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Dearest Mamiya 7 II, We’ve been together since the fall of 2004, and now, going on a nearly 13-year relationship, I still love you just as much as the day I met you. I remember seeing you from afar in the early aughts, wishing someday you could be mine. Then, by pure luck, I saw you up for auction one day and, better yet, by a local seller in Manhattan and for a very fair price. I emailed the man and asked if he’d consider stopping the auction early so I could pick you up—payment in cash, no shipping hassles. He agreed and invited me over to meet you in his Chelsea apartment; he led me upstairs and told me not to mind the coffee stain on the wall (his French press had just exploded, so he said). You were still in the foam packaging, pink manual on top; everything original and intact besides the front lens cap. The seller said he was just never that into you. Luckily, I was there to save you from that morose tension, and brought you into a warm and fruitful relationship that continues to grow to this day. You were my first rangefinder, but my second 6 x 7—but always my desired 6 x 7, trumping my first true love with your elder, the RB67. Even though I still frequented the RB67 over the years, you must know you’ve always been my favorite, and I told you from the beginning that I’m just not a one-camera kind of guy.
I often think of all the traveling we’ve done together: we’ve been to Iceland and China, Peru and Sweden, Hong Kong and across the United States; hundreds and hundreds, if not thousands, of rolls with so few hiccups (not everyone’s perfect, I suppose). I remember the one time we were walking through the woods and we bumped into a tree—your eyecup fell off! I tried to replace it, but you rejected the new one. It’s the beauty inside that counts, right?
You’re the best to go out with: so light and petite, and you deliver on the goods with such simple operations and few controls to your heart. Electronic leaf shutter, easy aperture-priority shooting, intuitive AE lock with a half-press, and a fine-tuned spot meter to perfectly suit the meter-then-recompose shooting style I adore. You’re the perfect blend of minimalism and functionality—you have everything that’s needed, and nothing that isn’t. Your viewfinder is big and bright, and focusing couldn’t get much easier. Sure, you’re not the best at close range, but no rangefinder really is. Oh, and then there’s the ingenious way you allow me to switch lenses mid-roll… where do you hide that dark slide curtain that lets you go bare in broad daylight?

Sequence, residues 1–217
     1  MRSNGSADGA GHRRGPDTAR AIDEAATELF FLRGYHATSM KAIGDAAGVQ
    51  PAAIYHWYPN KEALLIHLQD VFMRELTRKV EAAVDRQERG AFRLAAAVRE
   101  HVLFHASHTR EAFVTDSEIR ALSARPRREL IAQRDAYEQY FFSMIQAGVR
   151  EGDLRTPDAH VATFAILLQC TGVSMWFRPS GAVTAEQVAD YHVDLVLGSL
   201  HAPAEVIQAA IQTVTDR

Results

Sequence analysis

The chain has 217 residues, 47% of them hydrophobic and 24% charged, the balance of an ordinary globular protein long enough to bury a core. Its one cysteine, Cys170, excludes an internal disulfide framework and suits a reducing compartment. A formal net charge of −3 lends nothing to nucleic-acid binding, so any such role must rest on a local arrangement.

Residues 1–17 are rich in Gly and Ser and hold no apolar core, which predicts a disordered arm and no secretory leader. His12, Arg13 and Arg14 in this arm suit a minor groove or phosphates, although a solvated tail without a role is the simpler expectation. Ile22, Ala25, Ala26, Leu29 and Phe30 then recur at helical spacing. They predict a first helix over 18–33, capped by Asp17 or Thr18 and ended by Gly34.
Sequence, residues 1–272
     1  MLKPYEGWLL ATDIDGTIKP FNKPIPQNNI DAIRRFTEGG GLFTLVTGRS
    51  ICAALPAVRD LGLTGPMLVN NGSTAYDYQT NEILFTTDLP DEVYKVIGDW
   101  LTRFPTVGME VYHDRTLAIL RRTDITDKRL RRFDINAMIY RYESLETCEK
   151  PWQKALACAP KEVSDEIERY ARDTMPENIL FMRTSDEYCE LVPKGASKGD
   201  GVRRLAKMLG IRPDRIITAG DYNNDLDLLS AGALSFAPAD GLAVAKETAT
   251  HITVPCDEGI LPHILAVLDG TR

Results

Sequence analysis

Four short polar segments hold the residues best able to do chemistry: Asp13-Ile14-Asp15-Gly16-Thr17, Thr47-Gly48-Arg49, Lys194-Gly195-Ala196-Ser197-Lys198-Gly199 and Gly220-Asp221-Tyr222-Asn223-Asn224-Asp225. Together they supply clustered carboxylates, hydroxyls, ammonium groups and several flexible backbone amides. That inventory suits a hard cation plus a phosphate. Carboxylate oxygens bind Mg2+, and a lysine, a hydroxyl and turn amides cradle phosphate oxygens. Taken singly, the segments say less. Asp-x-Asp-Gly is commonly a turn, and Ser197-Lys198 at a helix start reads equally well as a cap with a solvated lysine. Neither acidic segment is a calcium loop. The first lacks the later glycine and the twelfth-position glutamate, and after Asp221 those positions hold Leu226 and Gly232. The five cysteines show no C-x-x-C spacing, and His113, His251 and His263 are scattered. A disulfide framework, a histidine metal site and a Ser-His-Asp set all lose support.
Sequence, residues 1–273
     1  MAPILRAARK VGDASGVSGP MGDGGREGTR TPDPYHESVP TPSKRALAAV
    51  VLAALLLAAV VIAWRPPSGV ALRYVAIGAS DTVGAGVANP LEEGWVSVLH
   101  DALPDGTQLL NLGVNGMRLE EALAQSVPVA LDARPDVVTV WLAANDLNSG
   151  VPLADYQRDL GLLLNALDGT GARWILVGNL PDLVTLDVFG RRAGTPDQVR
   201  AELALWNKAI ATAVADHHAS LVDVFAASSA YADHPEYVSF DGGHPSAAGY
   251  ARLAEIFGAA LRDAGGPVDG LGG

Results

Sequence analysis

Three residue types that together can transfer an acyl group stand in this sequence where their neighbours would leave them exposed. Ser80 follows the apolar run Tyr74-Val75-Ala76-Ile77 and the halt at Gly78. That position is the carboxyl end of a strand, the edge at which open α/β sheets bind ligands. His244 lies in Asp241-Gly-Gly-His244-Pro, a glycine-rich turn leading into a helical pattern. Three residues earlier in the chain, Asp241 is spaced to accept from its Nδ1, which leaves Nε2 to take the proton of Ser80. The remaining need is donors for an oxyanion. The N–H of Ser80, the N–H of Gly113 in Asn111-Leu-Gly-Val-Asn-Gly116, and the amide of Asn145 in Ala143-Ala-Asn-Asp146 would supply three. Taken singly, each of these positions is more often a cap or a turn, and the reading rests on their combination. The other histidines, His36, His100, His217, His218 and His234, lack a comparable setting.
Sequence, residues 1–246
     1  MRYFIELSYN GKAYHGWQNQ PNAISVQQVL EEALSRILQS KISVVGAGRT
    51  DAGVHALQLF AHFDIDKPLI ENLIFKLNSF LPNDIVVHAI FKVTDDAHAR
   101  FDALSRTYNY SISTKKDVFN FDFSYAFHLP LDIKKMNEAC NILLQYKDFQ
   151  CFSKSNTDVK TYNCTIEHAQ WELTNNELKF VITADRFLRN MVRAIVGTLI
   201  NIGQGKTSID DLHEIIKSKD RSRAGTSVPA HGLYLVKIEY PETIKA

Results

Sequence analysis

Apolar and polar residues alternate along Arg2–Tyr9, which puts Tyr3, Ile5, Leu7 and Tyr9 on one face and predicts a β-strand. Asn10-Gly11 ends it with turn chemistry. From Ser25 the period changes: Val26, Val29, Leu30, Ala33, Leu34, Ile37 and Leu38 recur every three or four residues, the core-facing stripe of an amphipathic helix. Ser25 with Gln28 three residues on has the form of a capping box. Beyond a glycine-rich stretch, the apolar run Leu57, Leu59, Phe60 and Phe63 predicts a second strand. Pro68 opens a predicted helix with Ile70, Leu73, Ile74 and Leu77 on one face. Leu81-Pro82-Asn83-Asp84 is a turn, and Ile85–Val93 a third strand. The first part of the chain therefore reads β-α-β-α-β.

Speaking of lenses (or should we call them friends?), right from the beginning you were literally attached to the hip with your best friend, the 80mm f/4. I figured this was the last friend you’d ever need, with its perfect normal field of view, smooth handling, and extreme sharpness. You two are like peas in a pod. Alas, I grew antsy over time and invited another friend to mingle with us—the longer 150mm f/4.5—and you welcomed them with an open lens mount. More difficult to use, sure—but wow, is this lens something special. They call it an apochromat, I call it a perfect portrait-length lens; and I love the way it inspires you to make dainty little frame lines just larger than the rangefinder patch in your eye.
Where would I be without you? You’re the camera I compare everyone else to. As far as I’m concerned, you’re at the peak and everyone else is below. “Not as good as the Mamiya 7 II,” I say, or “I wish it had this, just like my Mamiya 7 II does.” Whatever it is you do, keep doing it. I couldn’t think of a better partner, and I’m looking forward to the next 13 years.